Having money in savings is critical, but you don’t want too much of your money sitting in a simple savings account. While your emergency fund and other short-term savings may need to be in a more liquid account, long-term savings is better placed in an account that provides a higher return.
If you are particularly risk-averse, at least look into high-yield savings accounts for money that will spend some time in the bank. While earning a 1 percent return doesn’t sound like a lot, it is better than an account that offers rates closer to 0.01 percent.
8. Add a Second Credit Card
Part of your credit score is focused on your credit utilization ratio, a reflection of the amount of your available credit that you actually use. If you have a single card and the balance gets high, your credit utilization ratio rises quickly. Having a second card can help buffer the effects of using a credit card by ensuring you have more credit available.
9. Concentrate on High-Interest Debt First
When you work to pay off debt, it is always wise to start with the one that carries the highest interest rate. In fact, dealing with high-interest debt should even be a priority over non-retirement investing and even building an emergency fund beyond the first $500 to $1,000. The amount of money you save by paying down the debt far outweighs the interest you’ll get from most savings options, making it good financial sense to work on it over other potential priorities.
10. Keep Up with Insurance
Not having the right insurance can cost you dearly during an emergency. Failing to have health insurance comes with fines from the IRS and leaves you vulnerable during a medical emergency. Other insurance, such as auto and homeowner’s or renter’s, are also important for mitigating the cost during an accident or disaster, making them important to the larger financial planning picture as well.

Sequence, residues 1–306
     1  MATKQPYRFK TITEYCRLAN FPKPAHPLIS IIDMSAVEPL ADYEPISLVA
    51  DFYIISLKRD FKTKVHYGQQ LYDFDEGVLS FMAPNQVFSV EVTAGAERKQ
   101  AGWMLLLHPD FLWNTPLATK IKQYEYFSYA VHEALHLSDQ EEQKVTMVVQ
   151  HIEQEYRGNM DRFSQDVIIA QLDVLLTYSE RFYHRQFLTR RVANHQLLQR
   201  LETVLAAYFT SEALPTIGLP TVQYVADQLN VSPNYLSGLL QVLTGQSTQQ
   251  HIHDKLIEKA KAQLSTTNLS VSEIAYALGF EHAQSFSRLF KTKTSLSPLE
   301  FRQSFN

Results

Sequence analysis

11. Manage Your Taxes
While paying your taxes isn’t fun, it is a necessity. Failing to file with the IRS leaves you open to penalty fees and even interest on the money you owe. You may also see a hit on your credit report, as well as a range of other financial consequences. This means you should make filing your taxes every year a priority.
12. Tracking Household Spending
Often, you can’t plan for your financial future if you don’t know where your money is going in the present. Simply tracking your household spending can give critical insights into where your money is going and will help you gain more control over your finances in both the short- and long-term.
13. Give It Time
The most important requirement for building wealth is to give it time. In the beginning, the amount earned from interest and other gains will seem small. Over time, however, compound interest will begin to make even a small amount of initial savings more powerful. While much of it doesn’t require a lot of effort, it does require patience. So, remember that time is critical to the process and give it a chance to work its wonders as you strive towards a brighter financial future.
h/t Business Insider